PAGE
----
This is the story of my brief experience in discussing the global warming problem with students and people in my community. I watched Obama’s speech last night and thought to myself, “HE GETS IT. HE UNDERSTANDS WHO HE IS SPEAKING TO.”

  78. Bill Woods says:

    … Others want nuclear, clean coal, and natural gas. …

    “Clean coal, of course, doesn’t exist, and it remains a big stretch to call nuclear ‘clean’, …”

    As opposed to calling natural gas ‘clean’?

  79. John McCormick says:

    RE # 59

    Danial Ives, you asked:

    “But when are progressives going to learn that they need to do to the Democratic party what the Tea Party has done to the Republican party?”

    I know the answer: When progressives drink the hemlock, they can do whatever to the Democratic Party because they won’t be here to see the horrendous results. The rest of us adults will have to live with your wish.

    Never forget that Ralph Nader cost Al Gore the Florida votes he needed to win the White House.

    How many times do we have to repeat the same things before people understand what is at stake in 2012.

    Oh, Yeah. 13 times. That’s the magic number of repeated messages people need to hear in order to hear the message.

    John McCormick

  80. Crank says:

    Crank, I admire your optimism, though I don’t share it.

    LOL… it didn’t occur to me that I was being optinistic :-o.

    I think that Obama’s strategy is the only viable one. That doesn’t mean to say that I think that success is in any way guaranteed.

    There’s some very powerful stupid arrayed against us…

  81. John McCormick says:

    RE #65

    Wonhyo, good call.

    There is a method to President Obama’s approach to politics and he has two great daughters. He gets it. We have to believe in him. Our job these next 21 months is to assure he has the team, in the 113th Congress, to achieve the next steps towards protecting the futures of the world’s children.
    Why is that so hard to understand and accept?

    A big part will be his quiet diplomacy with China and India because the Chinese government gets it and India knows its future is locked in the remaining ice in the Himalayan Range.

    John McCormick

  82. Michael Tucker says:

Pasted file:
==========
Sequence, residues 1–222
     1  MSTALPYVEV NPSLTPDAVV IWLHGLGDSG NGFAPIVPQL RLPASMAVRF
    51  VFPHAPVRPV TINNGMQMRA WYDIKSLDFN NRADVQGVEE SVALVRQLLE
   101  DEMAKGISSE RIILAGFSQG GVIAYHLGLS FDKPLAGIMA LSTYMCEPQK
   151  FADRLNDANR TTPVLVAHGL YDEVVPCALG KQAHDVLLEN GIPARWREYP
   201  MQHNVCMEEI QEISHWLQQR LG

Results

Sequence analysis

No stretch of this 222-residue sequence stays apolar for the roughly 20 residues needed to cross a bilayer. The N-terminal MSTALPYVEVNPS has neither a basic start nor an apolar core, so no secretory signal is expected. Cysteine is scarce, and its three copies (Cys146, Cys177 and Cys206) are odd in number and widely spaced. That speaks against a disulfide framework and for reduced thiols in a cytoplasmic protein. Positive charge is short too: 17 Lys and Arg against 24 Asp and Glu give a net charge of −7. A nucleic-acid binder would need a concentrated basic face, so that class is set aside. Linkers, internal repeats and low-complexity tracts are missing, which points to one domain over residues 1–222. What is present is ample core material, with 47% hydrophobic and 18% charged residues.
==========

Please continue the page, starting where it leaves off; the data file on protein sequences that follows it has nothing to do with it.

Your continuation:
Haven’t you heard? The Republicans and their minions have decided any mention of ‘investment’ is progressive code for spending and they are against any new spending.

    If the President expects to get to clean energy production by government investment WITHOUT emphasizing the supreme need and moral imperative for such action he will lose.

  83. Brooks Bridges says:

    President Obama didn’t mention peak oil either. Here is a quote suggesting why from:

    Key quote:
    “Public Unaware. Except for a few stories in financial pages such as London’s Financial Times, this earth-shaking news has yet to reach the Mainstream Media. While “Peak Oil” researchers have long warned of approaching oil shortages, the difference now is these dire warnings are being validated by the highest government and oil company officials. Yet, no political leader has had the courage to make a major announcement to prepare the public for what lies ahead.

    This public blindness is tantamount to the isolationism that gripped the U.S. in the years preceding WWII. While the highest government leaders did their best to prepare for inevitable war, they were hamstrung by the resistance of a public unable to accept what really lay ahead. Similar to today, some politicians advanced their own careers by feeding on the public’s desire to believe no coming storm could ever reach them. Yet, the storm came anyway.”

    Also a reminder that we have so much crap (besides “just” AGW) heading for so many fans and so fast it’s mind boggling and sobering.

    A Buddhist quote I think relevant to the discussion:

    “Do not judge. See only your own actions, done and undone.”

  84. OregonStream says:

    Interesting approach, Ken. Of course, there’s the question of how much support we can expect for wholesale change without eventually getting to the root issue. People who are resistant to the concept of human-induced climate change may have a problem with ending subsidies for domestic oil production, and making a strong push toward efficiency and renewables. They’re perhaps more likely to support continued exploration for fossil fuels, including pushing into the Arctic, cleaning out the tar sands, and developing any promising oil fields at home. For some, it’s all just part of God’s bounty to be exploited. It’s easier to think that than consider the possibility that fossil fuel reserves are something we need to wean ourselves from, or even dumping grounds for God’s/nature’s removal of excess carbon.

  85. Shelly L says:

    Nuclear power most certainly is clean energy. Non-existent clean coal is clearly not. Natural gas is a carbon-emitting fossil fuel that pollutes water as its extracted, so not that either. Why the bias against Bill Gates-style or James Hansen-style new generation nuclear? Nuclear waste is a tiny amount compared to the massive tons of radioactive toxic coal ash waste produced every year.

    That said, Obama needs to drop the idea that clean coal exists. Surely he knows better.

  86. Rob Honeycutt says:

    Shelly said… “Obama needs to drop the idea that clean coal exists.”